Alchemy is important for brewing potions from ingredients gathered from across the world, and they range from the 'why bother?' of thinks like Weak Poison Potions to 'absolutely vital' like Skill Potions. There is a core quest that requires this, but that won't be until very far into the game. Goes to 20.
Item Lore allows us to identify items in our possession without spending money or spell points on Identify spells. It's fairly passive, and useful at low amounts to detect if an item is cursed or not. This goes to 10.
Disarm Traps and Lockpicking are exactly what they say they are. Used for Traps and Locks, the skills go up to 20, and can be used on things magic won't work on. Dexterity provides a passive hidden bonus to these skills.
Assassination is an unusual skill. Characters with it have a chance of doing bonus damage against any foe lower levelled than they are. This can help with cleaning trash mobs, or even against boss fights if you're over levelled. I like to think of this skill as the 'Win Harder' skill. Goes to 20, at which point you're dealing massive damage to anything less powerful than you. It does not stack with ranged weapons, just melee.
Poison is a skill that allows you to safely add poison to your weapons to try and hit foes with. Can be useful with Thrown or Archery based weapons, but I find it's just not worth the skill points in the long run. Goes to 20.
Luck costs no money to train, and it does the most dangerous and powerful thing of all it affects the RNG. Can go all the way to 20, if you dare.
Here is what I'm putting into my initial character. 4 extra points of Health, 5 baseline Spell points, 5 in each of the base statistics, 3 levels of Priest spells, and the last 8 points into edged weapons, as knives and swords are common weapons. In practice, this a build that buff themselves using Priest spells for a round or two, then charges into melee. Casters and other ranged attacks can pick it apart, so support will be needed in the long run.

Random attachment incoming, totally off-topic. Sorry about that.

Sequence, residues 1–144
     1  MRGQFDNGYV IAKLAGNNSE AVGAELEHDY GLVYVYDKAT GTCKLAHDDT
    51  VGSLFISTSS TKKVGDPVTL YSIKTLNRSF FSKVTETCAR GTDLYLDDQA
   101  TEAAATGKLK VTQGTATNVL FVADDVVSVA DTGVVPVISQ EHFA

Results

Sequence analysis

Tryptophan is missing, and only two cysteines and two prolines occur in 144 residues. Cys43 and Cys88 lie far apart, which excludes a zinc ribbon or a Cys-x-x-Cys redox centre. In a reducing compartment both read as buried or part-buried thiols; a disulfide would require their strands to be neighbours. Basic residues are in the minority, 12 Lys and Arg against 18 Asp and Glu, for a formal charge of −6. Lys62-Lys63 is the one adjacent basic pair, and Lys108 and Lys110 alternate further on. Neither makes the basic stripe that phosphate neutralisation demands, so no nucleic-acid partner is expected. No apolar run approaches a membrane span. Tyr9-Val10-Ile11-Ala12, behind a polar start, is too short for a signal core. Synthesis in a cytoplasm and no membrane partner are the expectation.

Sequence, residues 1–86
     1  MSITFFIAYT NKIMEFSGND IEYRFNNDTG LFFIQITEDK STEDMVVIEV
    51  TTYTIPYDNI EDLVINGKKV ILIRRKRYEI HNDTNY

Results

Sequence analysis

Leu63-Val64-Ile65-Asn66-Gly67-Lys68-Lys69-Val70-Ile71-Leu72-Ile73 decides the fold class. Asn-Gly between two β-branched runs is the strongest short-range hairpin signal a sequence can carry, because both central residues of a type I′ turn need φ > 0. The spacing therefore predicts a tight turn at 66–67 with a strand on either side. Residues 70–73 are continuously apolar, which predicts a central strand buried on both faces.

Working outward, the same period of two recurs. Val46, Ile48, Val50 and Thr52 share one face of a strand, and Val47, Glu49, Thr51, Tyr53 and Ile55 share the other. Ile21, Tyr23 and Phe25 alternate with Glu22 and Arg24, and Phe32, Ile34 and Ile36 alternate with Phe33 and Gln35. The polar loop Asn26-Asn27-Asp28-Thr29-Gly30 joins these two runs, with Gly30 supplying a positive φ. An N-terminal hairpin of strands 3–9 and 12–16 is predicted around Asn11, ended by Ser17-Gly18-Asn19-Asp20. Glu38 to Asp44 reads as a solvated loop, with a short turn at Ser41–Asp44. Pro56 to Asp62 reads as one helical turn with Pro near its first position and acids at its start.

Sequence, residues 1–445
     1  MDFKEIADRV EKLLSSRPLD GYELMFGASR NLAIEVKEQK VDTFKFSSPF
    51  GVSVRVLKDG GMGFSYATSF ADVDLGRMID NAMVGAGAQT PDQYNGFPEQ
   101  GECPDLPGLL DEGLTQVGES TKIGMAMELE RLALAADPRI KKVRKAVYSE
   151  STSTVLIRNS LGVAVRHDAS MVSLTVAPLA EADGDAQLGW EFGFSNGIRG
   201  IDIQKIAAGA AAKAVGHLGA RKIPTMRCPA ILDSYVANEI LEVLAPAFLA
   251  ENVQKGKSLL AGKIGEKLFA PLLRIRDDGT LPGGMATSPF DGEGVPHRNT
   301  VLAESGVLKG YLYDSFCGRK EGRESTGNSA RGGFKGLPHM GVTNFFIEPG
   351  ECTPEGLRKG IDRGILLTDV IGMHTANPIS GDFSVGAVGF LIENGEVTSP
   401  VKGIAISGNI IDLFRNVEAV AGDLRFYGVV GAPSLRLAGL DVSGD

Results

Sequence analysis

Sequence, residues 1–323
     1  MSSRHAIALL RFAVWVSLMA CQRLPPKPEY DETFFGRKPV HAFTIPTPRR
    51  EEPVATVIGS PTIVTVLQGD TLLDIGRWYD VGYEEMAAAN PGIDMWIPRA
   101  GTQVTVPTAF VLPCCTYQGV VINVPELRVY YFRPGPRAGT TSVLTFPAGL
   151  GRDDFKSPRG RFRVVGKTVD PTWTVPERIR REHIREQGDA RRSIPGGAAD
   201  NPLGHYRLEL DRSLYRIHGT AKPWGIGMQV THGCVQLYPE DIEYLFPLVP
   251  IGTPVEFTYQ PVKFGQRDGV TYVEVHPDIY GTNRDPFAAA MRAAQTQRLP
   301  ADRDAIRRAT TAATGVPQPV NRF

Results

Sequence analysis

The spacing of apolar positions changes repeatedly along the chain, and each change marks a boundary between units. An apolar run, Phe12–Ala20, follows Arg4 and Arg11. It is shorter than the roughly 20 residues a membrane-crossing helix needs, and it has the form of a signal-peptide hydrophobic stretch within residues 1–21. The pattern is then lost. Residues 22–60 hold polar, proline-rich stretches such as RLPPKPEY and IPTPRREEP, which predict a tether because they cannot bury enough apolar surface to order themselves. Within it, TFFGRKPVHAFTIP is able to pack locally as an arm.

This is the Character model selection. All PC's can have their own icons, and here is where the fun really begins! All PC images are bitmap images, 28x36, mirrored for when facing the other direction. For this LP, I will accept custom images for submitted PC's!
I'll say it right now, I find the non-humans to be far less interesting than the human ones, so if anyone really wants to try their hand at a new PC graphic, please be my guest.
But for now, I'm just going with the bottom of column two for no apparent reason. Wait, no, I have a splendid reason. And it's not just because it's the same graphic for Art back in Exile 1.
Finally, we get to name our PC, and I've chosen Art. Because that's her name.
I'll be taking calls for FIVE additional Player Characters. What I want are names, backgrounds and stats (or just guidelines). You can choose a PC picture yourself, or make on for additional brownie points. Just keep in mind that over the course of the game, we're going to be getting a lot of skill points to spend (upwards of 200 more during the course of the game), so you can have some flexibility in what you want to do. If there are more than five characters submitted, I'll put it up to the goons to weigh in on which ones they think are better. I will, of course, reserve the final say for myself.
Once I am satisfied with the number of submissions, I will move on to voting. Before anything else, I will pick one PC to automatically get into party, either because I like the character, or due to possible synergy. After that, Each person may assign a value of 1 through 4 to four of the remaining PCs indicating how much they like that PC, with 4 being more than 1. Each person can also add a -1 to one other PC, indicating that they believe that character should not be in the party.
After sufficient time has passed, I will close voting, generate the PCs fully, and move on with the story!
Now, on to the show!